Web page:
Around the same time, screenshots of the supposed messages started to circle online. (I certainly can’t prove whether they’re real or not, but they first surfaced before Niall’s tweets and feel genuine.) The pattern that emerges seems to be one of frantic, attention-seeking messaging, extreme shock and surprise when he writes back, and, when Niall only requests that they stop messaging him and respect his privacy, the really nasty stuff starts. Messages range from “You invented cancer” to “If [your nephew] was my kid I’d sell it”; from “You’re so stupid and r*tarded” to “I hope your house blows up”.

Niall’s responses are extremely Niall in their politeness. “Why do I deserve to have a bad day?” he asks one. “You guys are bullies,” he tells them. “Go away please.”

As soon as the screenshots emerged, so did suspicions about the identity of the individuals in question. A set of five or six Twitter handles were circled by fan accounts, encouraging people to block and report the usernames to Twitter. Some of the owners of these accounts themselves claim to have been part of the conversations in question, to varying degrees. These account owners are seemingly women, under the age of 18, who have supposedly been involved in other recent One Direction harassment incidents.

One of those incidents came just days before Niall’s tweets. A person suspected to be a member of this group of “fans” got hold of another band member’s phone number: Louis Tomlinson’s. You can listen to a recording of the phone conversation between them that leaked online. After telling him her Twitter handle, Tomlinson asks the caller how she got his number. “You’re a fucking bitch and I hope your baby dies,” she says. Louis responds with a variation on the ancient proverb, “Lawyer up, asshole.” He seemingly tweeted about the incident later that day – and Niall retweeted him.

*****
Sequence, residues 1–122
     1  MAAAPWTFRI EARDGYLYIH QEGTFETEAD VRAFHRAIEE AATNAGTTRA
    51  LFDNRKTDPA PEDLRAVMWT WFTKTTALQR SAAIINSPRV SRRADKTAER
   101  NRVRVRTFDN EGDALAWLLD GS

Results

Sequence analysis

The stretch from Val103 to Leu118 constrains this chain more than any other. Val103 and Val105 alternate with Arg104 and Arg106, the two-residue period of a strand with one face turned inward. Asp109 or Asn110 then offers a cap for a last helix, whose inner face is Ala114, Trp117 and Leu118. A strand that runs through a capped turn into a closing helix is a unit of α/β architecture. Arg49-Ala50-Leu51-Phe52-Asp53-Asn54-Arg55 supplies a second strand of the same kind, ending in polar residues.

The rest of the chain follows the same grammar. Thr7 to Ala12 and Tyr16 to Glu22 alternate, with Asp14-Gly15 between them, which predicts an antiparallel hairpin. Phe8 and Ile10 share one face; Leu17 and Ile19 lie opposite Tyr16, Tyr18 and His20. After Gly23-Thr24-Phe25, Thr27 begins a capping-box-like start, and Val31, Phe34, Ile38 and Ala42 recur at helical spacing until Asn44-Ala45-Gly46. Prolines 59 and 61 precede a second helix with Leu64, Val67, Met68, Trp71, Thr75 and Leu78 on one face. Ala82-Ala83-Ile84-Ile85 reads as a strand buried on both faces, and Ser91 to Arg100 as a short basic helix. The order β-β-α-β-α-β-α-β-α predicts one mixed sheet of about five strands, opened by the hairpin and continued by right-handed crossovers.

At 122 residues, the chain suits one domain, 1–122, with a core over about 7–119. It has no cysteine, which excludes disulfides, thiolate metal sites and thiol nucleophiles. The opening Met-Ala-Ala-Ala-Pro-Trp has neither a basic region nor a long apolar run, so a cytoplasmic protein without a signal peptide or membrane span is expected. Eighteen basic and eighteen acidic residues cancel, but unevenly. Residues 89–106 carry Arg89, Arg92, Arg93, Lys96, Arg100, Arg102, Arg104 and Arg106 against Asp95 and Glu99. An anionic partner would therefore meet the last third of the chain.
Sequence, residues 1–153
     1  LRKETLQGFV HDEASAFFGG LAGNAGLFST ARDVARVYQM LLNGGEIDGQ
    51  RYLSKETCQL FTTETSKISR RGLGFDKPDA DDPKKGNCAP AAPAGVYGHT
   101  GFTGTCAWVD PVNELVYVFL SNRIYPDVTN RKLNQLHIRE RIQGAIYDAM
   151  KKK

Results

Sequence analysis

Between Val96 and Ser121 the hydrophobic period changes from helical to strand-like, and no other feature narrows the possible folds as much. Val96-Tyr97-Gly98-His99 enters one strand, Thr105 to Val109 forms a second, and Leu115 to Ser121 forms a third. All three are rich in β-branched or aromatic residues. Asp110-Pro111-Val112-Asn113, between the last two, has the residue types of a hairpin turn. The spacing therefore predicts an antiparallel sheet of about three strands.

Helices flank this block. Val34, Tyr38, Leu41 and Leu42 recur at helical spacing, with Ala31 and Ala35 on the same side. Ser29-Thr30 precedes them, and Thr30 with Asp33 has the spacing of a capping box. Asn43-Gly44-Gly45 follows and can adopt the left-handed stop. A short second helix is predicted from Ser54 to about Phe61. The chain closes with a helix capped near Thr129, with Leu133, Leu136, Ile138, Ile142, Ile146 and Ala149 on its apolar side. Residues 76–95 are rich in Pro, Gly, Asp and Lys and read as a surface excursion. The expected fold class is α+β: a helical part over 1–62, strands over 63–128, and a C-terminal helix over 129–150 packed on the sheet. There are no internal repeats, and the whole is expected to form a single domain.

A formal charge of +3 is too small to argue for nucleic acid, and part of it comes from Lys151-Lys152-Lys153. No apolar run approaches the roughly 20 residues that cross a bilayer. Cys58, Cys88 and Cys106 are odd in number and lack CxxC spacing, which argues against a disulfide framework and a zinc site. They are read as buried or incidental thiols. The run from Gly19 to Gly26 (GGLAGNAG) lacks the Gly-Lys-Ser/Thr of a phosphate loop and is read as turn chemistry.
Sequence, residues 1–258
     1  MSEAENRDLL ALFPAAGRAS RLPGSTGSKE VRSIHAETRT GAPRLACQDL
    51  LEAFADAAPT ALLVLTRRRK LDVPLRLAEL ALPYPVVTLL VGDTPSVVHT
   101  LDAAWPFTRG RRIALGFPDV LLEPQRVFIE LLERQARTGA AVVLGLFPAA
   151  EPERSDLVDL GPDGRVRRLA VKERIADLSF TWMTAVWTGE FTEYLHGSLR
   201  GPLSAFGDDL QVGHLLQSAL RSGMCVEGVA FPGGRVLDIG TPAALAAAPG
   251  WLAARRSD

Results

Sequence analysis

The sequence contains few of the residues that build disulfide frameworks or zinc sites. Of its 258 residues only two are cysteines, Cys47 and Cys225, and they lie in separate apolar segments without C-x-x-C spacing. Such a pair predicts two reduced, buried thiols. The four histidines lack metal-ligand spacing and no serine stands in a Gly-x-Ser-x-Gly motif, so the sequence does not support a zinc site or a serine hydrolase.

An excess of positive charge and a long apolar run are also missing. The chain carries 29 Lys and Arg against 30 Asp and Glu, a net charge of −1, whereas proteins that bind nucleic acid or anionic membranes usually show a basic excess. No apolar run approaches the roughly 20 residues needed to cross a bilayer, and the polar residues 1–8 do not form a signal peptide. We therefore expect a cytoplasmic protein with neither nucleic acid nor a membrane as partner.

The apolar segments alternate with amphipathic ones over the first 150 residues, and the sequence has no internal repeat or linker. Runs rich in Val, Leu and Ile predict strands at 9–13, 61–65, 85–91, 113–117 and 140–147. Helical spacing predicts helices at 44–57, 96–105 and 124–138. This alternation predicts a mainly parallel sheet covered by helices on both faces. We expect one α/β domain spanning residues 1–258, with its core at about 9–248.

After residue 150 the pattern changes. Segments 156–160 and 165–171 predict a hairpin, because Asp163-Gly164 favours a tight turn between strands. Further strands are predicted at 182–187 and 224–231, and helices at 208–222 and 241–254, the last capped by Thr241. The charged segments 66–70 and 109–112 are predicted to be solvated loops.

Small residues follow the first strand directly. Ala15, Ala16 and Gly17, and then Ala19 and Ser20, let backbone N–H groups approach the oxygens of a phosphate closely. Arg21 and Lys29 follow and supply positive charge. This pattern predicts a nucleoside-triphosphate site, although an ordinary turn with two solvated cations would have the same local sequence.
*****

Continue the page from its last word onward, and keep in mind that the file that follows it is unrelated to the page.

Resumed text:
Fan accounts insist that the same Twitter users were also involved in hacking the iCloud of Anne Twist, Harry Styles’s mother, and leaking hundreds of photos of her son online.

The whole situation is a complicated mess. Parts of the messages feel as though they have been influenced by the style of accounts desperately trying to get the attention of celebrities on Twitter. If you look at the top reply to any tweet from a celebrity with millions of Twitter followers, the responses are calculated to shock the most in an attempt to get noticed. Maybe it’s a weird combination of sexual and violent imagery, or a sexist or racist slur. This is harassment itself, but its ubiquitousness can make it seem less offensive or extreme. Perhaps this kind of behaviour is easier to ignore on Twitter or Instagram – if you have millions of followers, you presumably can’t be notified every time one of them interacts with you online. When it moves into your private sphere, I can image it becomes more terrifying than annoying. Maybe these girls were simply swept up in the cultural moment, and failed to grasp the consquences of their behaviour.

Is it a damning indictment of the hysteria of teenage girls? The scary state of twenty-first century fandom? The problems of anonymity offered by the internet? It’s true that the internet has offered new ways for fans and celebrities to have a more direct connection with one another: for the most part, a mutually beneficial arrangement.

But the revelation of the internet has also been that it is a tool through which fundamentally human behaviours are expressed. Over the last few decades, we have learned that aggressive behaviour online is not limited to largely non-existent stereotypes of spotty virgins in their mothers’ basements, or teenage girls developing “dangerous” sexuality. Grown men and women, mothers, fathers, daughters, sons all do it. It’s also not a behaviour that is inherently connected to online spaces: children and teenagers might experiment with moral boundaries through cyberbullying, but they also might do it via anonymous notes in lockers or whispers in school corridors. People of all ages, professions and genders harass others.

The real problem is not celebrity culture or the concept of teenage fandom or social media. As Louis Tomlinson rightly identifies, it’s that our laws have failed to catch up. If we continue to treat harassment as harassment, in all spaces and by all perpetrators, we’ll have a better chance of minimising it.

Anna Leszkiewicz is a pop culture writer at the New Statesman.